A slot car track is made of plastic segments with two steel rails in each lane. These steel rails run the entire length of the track. One of the rails provides power to the slot car while the other rail provides the ground. Some slot car tracks are composed of several smaller track pieces which are clipped together using interlocking sections; however, other slot car tracks are made up of a relatively small number of longer sections of track which means that there are far fewer seams throughout the entire race circuit. This design also provides better or less-interrupted power supply to the cars.
The track receives power from a power supply that plugs into a wall outlet. The power supply inverts the alternating current (AC) from the wall outlet into direct current (DC). Voltage supplied to the track by the power supply is typically between 12 to 18 volts and 1 or 2 amps. However, more advanced slot car clubs or racers may add additional power to the track using individual power supplies for each racing lane. These can provide each slot car lane with as much as 10 amps of power, although most of the cars won't use more than 5 amps during the race. When additional power supplies are added, the powerbase -- the segment of track where the power supply attaches -- may need to be modified to handle the additional power.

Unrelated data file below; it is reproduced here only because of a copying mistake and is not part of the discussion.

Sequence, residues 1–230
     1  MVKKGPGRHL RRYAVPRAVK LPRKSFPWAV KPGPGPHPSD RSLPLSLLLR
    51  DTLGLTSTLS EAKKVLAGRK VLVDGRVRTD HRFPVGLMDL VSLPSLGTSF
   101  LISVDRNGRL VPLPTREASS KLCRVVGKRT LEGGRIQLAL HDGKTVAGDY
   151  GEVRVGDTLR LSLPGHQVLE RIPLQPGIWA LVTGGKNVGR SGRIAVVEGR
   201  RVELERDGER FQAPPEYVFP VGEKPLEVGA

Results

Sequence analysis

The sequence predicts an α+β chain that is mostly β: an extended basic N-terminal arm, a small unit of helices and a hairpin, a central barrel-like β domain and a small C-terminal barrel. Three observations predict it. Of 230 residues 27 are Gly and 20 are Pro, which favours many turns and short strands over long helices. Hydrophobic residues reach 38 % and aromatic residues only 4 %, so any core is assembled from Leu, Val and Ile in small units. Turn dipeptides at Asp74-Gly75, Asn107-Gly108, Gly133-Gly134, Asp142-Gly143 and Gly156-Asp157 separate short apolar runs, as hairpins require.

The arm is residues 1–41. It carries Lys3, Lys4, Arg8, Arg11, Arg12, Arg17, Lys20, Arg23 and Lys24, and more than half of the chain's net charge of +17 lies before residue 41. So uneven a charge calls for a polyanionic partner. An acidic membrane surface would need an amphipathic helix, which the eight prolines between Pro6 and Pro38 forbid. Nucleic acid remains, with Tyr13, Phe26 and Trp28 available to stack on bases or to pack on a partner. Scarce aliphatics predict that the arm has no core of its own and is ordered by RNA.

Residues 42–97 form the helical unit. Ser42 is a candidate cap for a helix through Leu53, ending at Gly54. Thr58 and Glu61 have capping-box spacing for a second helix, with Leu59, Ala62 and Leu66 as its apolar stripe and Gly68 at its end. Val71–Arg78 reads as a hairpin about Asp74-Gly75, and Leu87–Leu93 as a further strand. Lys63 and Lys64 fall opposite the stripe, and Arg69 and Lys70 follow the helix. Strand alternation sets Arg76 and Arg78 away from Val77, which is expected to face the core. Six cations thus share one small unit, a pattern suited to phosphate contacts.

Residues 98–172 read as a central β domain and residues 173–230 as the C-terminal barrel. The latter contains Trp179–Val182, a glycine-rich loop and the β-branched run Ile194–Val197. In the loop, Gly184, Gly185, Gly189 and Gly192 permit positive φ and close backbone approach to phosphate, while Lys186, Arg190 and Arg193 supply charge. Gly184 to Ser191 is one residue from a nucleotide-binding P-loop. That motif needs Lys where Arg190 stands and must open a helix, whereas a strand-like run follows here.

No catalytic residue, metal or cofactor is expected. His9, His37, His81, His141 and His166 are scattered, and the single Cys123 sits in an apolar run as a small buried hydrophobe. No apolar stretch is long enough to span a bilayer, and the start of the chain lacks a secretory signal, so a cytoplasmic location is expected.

Now that we know how the tracks receive power, let's find out more about how the cars handle the various types of tracks and how some tracks are built for realism.